If Lincoln and Millwall left you cold, you probably shouldn't be watching sport
On Saturday morning, Barney Ronay tweeted a picture of a letter he had received from an 85-year-old congratulating the Guardian journalist on his work in highlighting the local council's efforts to force Millwall out of The Den.
The man had "been a Lions supporter since football was resumed after the Second World War" and signed off his letter with sadly under-used phrase "more power to your elbow".
Anybody who read the letter before Millwall's home game against Leicester on Saturday must have hoped the man who had been following them for 72 years was at the ground, cheering wildly as Shaun Cummings' last-minute winner put them into the last eight.
It would surely have made him feel like the 13-year-old he was when he started supporting them.
The romance of the FA Cup might have become the copyright of whatever television company holds the broadcast rights but at a Den full of even more defiance than usual, this was a moment that will never be forgotten regardless of what the future holds.
Earlier, Lincoln City beat Burnley in a game that was much about fight as football but while Sean Raggett's late header didn't have the muddy pitch, ill-fitting shirt or pitch invasion scene, this was a modern-day Ronnie Radford moment. For good measure, Raggett spent yesterday at the club's academy getting his photograph taken with the U-9s.
From Sincil Bank, Lincoln's home ground, a video emerged of hundreds of fans watching the match on a big screen which appeared to have been erected on top of a van and Raggett's goal sparked bedlam.
By the end of the year, Lincoln will have become a tricky question in the annual Sports Quiz but, for all the cynicism and irritation which the FA Cup now carries, anybody who didn't crack a smile in the moments following Raggett's winner shouldn't be watching sport.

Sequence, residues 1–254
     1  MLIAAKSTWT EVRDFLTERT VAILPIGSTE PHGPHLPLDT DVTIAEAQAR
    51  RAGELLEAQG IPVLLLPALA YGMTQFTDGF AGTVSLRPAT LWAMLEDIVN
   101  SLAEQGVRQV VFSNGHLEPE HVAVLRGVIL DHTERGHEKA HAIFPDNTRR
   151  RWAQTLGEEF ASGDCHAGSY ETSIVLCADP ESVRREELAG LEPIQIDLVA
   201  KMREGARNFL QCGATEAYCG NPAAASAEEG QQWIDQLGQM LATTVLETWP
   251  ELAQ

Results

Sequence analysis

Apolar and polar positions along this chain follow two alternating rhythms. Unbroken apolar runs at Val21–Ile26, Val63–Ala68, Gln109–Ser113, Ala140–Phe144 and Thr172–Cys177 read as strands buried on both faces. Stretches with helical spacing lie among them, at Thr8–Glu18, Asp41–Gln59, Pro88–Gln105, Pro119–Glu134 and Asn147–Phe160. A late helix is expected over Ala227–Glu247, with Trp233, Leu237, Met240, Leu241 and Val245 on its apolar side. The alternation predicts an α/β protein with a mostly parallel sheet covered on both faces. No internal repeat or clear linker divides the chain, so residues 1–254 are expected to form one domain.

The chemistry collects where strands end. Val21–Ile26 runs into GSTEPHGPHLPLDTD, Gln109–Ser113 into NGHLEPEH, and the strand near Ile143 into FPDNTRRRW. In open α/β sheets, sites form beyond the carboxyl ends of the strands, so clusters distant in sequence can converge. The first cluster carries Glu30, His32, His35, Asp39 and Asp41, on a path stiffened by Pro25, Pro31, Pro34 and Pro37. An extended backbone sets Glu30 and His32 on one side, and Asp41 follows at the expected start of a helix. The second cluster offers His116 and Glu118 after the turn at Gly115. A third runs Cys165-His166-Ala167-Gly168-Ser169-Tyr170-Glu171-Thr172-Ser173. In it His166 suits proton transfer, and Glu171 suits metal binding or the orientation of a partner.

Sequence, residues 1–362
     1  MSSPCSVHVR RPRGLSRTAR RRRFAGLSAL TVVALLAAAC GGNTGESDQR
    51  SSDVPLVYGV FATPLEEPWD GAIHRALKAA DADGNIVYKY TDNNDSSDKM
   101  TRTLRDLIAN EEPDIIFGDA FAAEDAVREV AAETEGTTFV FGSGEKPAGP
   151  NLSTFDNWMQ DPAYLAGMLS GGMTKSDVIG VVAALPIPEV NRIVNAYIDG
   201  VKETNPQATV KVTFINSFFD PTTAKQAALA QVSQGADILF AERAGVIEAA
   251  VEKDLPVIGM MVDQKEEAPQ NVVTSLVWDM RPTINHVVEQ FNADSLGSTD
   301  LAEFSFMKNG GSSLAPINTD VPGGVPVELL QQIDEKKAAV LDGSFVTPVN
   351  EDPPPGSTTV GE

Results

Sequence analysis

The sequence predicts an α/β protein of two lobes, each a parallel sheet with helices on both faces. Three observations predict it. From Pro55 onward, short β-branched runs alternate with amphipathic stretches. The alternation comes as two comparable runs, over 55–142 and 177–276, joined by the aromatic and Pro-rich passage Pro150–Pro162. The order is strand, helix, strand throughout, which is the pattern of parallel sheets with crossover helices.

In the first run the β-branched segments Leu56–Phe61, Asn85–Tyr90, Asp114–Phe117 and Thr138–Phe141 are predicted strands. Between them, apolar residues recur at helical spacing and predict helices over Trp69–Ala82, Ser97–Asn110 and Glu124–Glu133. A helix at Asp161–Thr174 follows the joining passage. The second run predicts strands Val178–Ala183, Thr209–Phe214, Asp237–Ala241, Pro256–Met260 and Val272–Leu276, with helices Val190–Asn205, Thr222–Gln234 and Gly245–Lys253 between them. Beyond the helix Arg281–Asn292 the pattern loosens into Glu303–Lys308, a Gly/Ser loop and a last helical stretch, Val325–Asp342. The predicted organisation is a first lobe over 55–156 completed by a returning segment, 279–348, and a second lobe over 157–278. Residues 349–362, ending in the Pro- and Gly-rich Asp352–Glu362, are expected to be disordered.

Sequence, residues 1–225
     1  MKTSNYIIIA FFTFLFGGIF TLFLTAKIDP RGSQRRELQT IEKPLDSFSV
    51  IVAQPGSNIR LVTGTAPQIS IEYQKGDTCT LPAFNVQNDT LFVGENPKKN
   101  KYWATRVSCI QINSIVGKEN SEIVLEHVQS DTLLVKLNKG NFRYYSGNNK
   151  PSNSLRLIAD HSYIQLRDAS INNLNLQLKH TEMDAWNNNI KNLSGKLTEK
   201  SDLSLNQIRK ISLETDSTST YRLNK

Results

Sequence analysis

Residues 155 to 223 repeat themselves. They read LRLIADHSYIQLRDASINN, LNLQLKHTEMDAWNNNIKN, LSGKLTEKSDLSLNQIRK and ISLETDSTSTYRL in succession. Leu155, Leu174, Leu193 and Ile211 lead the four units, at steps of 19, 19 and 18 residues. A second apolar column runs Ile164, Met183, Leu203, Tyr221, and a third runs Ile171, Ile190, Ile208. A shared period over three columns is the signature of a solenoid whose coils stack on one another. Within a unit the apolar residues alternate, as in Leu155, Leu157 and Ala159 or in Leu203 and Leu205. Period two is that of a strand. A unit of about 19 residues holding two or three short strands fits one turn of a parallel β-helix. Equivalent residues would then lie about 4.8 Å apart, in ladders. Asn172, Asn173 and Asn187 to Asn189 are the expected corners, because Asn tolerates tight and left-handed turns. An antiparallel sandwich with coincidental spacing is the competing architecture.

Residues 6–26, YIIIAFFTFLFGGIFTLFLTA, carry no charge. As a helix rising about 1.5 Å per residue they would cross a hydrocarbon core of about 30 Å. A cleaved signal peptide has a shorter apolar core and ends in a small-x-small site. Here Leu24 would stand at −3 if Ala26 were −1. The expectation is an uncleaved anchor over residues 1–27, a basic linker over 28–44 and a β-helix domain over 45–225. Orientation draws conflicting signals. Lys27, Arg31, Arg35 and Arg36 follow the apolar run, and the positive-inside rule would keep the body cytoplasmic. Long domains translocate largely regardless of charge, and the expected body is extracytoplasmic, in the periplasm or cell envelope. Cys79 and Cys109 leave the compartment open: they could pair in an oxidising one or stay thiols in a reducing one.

This is what the FA Cup is now and, frankly, what it always has been. It's a chance for certain teams to make memories for their supporters that will last a lifetime and put themselves, even briefly, into the conscience of the football world. And it's a mystery why so many teams starved of glory decide to ignore it.
There must have been several Brighton fans looking on enviously at Lincoln's joy given they made nine changes before losing to them in the last round.
Promotion is Brighton's main aim but given that they have dropped seven points from 15 since the Lincoln defeat, the prospect of a big FA Cup game might have provided a welcome distraction to ease some of the pressure.
The quarter-final draw means the last four will probably boil down to Tottenham, Manchester City, Arsenal and either Chelsea or Manchester United which should give the competition the best of both worlds; memorable results to start, and some high-quality games to finish.
It's a competition that, until the semi-finals at least, isn't a priority of the bigger teams but so what? It's never going to be the Champions League or Premier League but, much as it might not seem that way sometimes, there's life, and mostly misery, away from the Premier League's top four.
In an era when there's wailing and gnashing of teeth when certain teams 'only' finish in the top half of the Premier League or moan about not getting beyond the Champions League last 16, it's something of a tonic where a last-minute winner for a small club can remind you why you started watching football in the first place.